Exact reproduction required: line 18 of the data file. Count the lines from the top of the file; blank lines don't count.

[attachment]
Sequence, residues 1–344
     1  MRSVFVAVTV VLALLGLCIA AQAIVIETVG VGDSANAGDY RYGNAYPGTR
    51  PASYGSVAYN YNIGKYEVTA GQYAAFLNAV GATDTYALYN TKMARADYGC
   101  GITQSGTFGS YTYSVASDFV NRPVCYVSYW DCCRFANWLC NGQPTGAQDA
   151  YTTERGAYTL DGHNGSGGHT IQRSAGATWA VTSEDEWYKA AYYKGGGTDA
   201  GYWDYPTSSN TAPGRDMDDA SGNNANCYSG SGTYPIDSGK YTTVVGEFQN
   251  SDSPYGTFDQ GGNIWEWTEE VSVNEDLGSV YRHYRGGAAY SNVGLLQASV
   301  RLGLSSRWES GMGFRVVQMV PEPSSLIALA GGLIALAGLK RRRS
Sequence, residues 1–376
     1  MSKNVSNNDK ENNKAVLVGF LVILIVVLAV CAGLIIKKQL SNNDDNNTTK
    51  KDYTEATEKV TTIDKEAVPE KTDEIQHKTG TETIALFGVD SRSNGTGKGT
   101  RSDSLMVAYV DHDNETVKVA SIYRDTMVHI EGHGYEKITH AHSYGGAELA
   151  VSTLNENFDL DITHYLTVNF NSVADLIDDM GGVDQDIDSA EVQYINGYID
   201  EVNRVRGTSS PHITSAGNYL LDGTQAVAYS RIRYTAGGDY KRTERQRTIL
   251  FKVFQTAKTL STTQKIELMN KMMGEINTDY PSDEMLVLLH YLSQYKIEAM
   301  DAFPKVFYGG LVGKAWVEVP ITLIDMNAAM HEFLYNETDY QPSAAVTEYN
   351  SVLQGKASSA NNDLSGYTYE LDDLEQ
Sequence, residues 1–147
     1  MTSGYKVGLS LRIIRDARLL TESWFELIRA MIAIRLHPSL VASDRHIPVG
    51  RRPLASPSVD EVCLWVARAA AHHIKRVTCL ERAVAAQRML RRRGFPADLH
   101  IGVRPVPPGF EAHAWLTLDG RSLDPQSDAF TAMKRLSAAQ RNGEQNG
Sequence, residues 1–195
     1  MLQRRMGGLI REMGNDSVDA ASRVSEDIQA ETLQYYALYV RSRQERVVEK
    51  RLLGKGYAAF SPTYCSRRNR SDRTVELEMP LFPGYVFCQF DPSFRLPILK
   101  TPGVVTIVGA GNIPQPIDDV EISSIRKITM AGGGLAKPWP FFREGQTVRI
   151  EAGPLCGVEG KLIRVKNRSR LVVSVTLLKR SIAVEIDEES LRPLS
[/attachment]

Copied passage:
Sequence, residues 1–147